By David Camp, SpinSpotter CMO.
I’ve been thinking about the way that we have all been trained to read online content (and any content, whether news or other, analog or digital) in a fairly passive and solitary way. Even with the advances in Web 1.0/2.0 regarding feedback loops, etc, it is still a small minority of online readers that seem to approach reading as an active, critical-thinking, directly participatory act.
Clearly, the rise of Web 3.0 social media tools can make reading online a completely proactive, multilateral act with lots of feedback and sharing and re-envisioning and re-crafting of original content, completely transforming the way people interact with information on the web. (It’s no secret that our hope for SpinSpotter is to be among the catalysts that enable this kind of transformation.)
We need to train/remind/encourage each other to approach “reading” online as an interactive act, one that requires critical or active thinking, not simply passive reception of information to consume. In this scenario, reading becomes something different: a conversation between a creator of content and one who consumes it. This is a fundamental transformation of a long standing, hard-wired human behavior.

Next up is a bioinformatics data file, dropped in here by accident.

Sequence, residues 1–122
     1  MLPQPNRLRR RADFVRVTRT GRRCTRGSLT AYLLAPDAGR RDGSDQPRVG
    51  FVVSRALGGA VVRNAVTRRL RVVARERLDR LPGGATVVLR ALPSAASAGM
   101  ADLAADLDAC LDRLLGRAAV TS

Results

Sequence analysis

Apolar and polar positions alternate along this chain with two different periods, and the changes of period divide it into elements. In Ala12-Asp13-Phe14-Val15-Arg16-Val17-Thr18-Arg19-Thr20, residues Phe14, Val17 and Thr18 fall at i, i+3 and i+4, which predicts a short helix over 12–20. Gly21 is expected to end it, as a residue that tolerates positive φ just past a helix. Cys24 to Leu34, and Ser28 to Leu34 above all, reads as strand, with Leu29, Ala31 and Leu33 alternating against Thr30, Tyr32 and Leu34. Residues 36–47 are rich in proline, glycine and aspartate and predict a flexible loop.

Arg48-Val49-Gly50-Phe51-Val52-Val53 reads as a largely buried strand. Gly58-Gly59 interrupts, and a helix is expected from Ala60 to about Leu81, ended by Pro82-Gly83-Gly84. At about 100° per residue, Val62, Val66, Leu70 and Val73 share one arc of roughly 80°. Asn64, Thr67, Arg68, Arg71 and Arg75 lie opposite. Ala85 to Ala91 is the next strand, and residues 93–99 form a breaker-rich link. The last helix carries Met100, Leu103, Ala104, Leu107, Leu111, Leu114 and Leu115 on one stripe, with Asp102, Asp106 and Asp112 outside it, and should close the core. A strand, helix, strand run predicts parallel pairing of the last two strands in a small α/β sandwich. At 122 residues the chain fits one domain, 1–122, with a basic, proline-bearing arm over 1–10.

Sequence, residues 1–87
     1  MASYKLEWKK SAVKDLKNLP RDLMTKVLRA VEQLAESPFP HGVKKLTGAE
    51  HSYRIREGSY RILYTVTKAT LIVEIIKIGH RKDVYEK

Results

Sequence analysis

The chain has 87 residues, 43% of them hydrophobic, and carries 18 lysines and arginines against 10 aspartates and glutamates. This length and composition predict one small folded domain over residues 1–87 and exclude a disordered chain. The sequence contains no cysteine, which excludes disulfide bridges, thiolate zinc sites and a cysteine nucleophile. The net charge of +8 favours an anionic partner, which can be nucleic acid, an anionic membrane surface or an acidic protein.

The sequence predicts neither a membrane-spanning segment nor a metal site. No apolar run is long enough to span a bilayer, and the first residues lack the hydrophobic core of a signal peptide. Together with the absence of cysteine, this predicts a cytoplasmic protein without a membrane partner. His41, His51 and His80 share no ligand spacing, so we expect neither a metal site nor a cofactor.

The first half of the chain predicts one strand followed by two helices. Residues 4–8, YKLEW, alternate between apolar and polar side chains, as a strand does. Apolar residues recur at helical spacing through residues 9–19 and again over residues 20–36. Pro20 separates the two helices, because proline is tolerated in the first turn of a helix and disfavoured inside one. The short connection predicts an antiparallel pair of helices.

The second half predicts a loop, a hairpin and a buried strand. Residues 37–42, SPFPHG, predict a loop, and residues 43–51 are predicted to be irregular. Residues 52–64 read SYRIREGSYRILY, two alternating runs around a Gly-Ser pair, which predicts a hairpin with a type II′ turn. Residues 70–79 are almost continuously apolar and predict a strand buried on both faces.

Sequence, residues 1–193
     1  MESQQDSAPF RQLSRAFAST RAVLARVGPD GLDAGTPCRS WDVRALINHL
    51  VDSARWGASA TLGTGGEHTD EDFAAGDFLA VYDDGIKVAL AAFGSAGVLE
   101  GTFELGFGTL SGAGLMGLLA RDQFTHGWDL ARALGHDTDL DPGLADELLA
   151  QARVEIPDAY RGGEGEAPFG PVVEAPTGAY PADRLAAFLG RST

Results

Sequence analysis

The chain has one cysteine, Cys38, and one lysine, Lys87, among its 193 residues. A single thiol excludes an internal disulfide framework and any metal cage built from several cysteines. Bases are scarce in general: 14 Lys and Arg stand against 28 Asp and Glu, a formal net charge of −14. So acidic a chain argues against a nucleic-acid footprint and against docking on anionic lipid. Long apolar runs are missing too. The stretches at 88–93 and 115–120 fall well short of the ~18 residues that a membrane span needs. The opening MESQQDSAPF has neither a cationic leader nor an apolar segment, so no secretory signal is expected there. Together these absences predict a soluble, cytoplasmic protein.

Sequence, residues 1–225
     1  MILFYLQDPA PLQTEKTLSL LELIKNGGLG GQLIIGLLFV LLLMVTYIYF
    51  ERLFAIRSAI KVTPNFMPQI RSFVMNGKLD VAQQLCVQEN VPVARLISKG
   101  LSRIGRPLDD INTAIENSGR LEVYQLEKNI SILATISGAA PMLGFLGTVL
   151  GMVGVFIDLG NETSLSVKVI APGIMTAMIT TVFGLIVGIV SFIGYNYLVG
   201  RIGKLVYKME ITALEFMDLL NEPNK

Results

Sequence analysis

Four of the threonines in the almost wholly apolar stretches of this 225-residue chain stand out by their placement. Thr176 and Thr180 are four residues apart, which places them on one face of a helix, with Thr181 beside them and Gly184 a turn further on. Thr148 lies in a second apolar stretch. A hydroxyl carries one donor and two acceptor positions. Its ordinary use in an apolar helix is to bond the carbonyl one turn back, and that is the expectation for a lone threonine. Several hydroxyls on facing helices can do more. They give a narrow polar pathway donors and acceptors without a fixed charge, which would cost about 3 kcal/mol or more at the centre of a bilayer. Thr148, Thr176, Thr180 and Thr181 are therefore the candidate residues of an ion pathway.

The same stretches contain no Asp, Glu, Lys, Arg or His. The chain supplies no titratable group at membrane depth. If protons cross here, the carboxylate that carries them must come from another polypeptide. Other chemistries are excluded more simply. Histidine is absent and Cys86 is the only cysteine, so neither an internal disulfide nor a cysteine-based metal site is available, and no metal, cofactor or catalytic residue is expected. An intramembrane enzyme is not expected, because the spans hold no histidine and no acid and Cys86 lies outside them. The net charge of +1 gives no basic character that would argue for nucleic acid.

Regardless of one’s level of engagement or interests, there is an innate human instinct and trait to be critical, but with wave upon wave of ubiquitous media hitting us we’re starting to lose it.
How can we encourage people to be critical and proactive when they surf the web? To make their voices heard? Every web surfer (especially those that wield the swords of social media) has the potential to be an agent for change (for whatever change they desire, however frivolous or serious.)
But in order to realize this they have to think differently when they surf the web, and remember that now there are easy, direct means of objecting, agreeing, protesting, recasting, policing, criticizing, sharing, etc, pick your verb, in one’s effort to eliminate the noise and get to a version of the truth about a topic that feels right.